Brightness, contrast, and color
For your OLED TV, LG suggests using the following settings for the three most common viewing situations: natural light, artificial light, and dark room (via LG). Keep in mind that these are suggestions, and your viewing preferences might be different. They provide a good starting point to get the best image quality from your OLED without resorting to professional calibration. For daytime viewing, have the backlight at 100, contrast at 100, brightness at 50, sharpness at 30, color at 70, tint at 0, and color temperature at C50.
That’s markedly different from Rtings’ suggested settings for the LG C9 OLED. Their testing labs think you should set contrast to 90, sharpness to 0, color to 50, and tint at 0. We’d tend to agree with the experts at Rtings, as 4K TVs and OLED panels don’t need sharpness and look worse having it turned on. The other settings can be played around with based on your light levels and personal taste.
The normal recommendation for TV audio is to buy a soundbar that supports Dolby modes. That’s still the case for OLED, even if the internal speakers are capable. You don’t have to spend a lot of money here. Almost any soundbar will be better than the internal speakers. OLED TVs are thin, which means less space to fit speakers. Soundbar speakers are larger, which can move more air, leading to better audio performance.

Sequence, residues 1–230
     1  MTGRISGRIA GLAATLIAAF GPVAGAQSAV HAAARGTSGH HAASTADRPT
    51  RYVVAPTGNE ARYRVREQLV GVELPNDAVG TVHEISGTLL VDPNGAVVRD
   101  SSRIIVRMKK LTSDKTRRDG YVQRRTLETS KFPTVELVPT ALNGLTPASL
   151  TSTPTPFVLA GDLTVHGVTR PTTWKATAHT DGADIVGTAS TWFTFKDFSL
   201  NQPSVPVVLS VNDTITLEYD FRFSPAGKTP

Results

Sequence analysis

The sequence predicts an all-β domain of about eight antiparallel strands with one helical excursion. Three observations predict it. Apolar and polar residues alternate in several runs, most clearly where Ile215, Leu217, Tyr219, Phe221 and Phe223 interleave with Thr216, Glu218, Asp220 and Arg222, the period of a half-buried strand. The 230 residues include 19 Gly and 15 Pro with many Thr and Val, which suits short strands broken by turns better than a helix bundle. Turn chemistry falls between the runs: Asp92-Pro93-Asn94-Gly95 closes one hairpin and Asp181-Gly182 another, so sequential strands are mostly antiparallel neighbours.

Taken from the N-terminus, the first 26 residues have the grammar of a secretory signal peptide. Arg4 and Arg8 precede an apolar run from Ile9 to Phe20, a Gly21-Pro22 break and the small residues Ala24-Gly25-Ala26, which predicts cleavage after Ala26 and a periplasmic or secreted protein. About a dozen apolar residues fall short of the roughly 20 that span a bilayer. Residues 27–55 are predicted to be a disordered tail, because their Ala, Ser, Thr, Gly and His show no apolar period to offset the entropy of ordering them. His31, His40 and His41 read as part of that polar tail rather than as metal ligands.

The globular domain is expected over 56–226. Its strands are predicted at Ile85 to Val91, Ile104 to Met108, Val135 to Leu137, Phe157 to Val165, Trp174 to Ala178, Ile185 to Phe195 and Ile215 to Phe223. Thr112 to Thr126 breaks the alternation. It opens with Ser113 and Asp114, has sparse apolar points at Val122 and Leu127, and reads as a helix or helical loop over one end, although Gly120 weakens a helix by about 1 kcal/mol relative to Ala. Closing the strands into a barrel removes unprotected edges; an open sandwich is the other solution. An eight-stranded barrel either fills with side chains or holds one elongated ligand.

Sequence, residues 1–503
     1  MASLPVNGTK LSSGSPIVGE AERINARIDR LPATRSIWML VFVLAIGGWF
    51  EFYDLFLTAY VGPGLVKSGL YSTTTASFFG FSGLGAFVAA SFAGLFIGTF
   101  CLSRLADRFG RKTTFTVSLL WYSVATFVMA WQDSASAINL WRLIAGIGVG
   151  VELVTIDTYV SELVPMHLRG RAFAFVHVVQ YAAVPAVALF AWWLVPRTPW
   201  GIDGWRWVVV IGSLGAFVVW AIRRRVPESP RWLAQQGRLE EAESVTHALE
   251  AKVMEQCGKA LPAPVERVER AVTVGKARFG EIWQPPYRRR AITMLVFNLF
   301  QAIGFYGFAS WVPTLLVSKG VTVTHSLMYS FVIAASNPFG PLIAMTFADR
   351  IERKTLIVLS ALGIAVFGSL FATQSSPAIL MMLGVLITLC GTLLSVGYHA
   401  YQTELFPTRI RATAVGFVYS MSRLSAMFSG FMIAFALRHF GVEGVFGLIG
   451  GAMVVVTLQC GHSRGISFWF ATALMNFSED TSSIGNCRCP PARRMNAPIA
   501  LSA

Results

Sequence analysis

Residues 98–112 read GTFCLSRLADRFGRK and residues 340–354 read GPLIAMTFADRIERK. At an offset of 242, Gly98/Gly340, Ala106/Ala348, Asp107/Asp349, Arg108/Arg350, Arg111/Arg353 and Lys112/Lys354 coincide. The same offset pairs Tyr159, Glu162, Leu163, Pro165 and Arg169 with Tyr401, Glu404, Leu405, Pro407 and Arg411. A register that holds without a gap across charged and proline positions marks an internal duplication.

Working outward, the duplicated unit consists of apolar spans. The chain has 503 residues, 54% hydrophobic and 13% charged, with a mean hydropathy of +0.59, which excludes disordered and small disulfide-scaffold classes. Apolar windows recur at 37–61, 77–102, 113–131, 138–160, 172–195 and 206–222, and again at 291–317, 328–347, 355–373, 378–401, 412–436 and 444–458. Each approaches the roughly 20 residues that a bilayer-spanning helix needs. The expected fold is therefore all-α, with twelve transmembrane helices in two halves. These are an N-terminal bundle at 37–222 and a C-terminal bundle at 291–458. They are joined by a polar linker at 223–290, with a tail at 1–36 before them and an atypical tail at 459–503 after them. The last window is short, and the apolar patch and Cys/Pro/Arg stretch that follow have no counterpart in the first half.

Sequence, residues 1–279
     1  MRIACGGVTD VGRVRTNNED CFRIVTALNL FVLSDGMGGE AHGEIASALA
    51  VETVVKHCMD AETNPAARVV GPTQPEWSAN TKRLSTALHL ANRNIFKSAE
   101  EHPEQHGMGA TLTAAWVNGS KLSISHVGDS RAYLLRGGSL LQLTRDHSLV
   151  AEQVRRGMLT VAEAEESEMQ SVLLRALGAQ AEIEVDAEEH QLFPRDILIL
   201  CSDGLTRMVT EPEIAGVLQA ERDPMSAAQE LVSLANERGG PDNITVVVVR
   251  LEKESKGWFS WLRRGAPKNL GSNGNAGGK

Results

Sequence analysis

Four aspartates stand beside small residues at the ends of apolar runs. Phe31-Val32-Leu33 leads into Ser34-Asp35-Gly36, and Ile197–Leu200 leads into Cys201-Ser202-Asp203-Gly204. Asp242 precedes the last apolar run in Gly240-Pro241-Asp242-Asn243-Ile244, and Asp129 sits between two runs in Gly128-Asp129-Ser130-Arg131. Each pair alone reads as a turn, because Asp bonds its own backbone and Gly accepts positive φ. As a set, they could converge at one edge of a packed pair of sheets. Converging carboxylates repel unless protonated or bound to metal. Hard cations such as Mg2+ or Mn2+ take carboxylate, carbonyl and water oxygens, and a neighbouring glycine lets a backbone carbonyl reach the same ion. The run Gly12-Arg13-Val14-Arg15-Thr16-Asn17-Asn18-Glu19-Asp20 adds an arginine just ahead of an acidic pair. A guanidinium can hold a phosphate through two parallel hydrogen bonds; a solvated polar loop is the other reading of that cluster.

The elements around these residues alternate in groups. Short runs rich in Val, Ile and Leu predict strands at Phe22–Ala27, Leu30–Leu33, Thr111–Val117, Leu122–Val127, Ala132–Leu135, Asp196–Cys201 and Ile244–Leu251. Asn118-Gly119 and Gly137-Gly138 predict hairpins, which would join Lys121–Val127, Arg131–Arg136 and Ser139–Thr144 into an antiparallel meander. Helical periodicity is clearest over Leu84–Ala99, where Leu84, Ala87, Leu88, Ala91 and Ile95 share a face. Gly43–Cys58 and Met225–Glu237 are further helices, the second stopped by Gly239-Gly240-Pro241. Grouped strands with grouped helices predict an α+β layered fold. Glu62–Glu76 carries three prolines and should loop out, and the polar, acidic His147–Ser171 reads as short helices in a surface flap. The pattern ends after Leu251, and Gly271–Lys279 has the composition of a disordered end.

The most important thing to look for is HDMI ARC or eARC support to connect your OLED TV to the soundbar with one HDMI cable. Other features to look for include Dolby Atmos or DTS:X support, the two most common high-end audio codecs for immersive surround sound. Bluetooth is a personal preference if you want to use your soundbar for casting audio from your mobile device. It’s also worth checking if your TV manufacturer has its own soundbar range, as they’re often designed to work in concert with the inbuilt speakers to deliver better sound, especially for the frequencies that carry speech.
OLED has improved at preventing burn-in, but it can still be an issue. The O in OLED stands for organic, and any static image could leave individual pixels unable to change color from the one they get stuck on. Any OLED screen could have this happen to it, from your smartphone, Nintendo Switch OLED, computer monitor, or TV. To combat this irreversible issue, TV manufacturers have devised various ways to prevent OLEDs from displaying the same image for a long time.
The main reason for burn-in is a bright image displayed over time. LG OLED TVs use automatic bright level (ABL), local dimming, and panel refresh routines to stave off burn-in. Sony has screen savers that can be activated and have panel refresh and pixel shift options, so the panel isn’t displaying static images on the same pixels. Lower brightness levels on your OLED TV will also help prevent burn-in, whichever brand you own. If your TV has an auto-off option after a certain amount of time, enabling that will also help.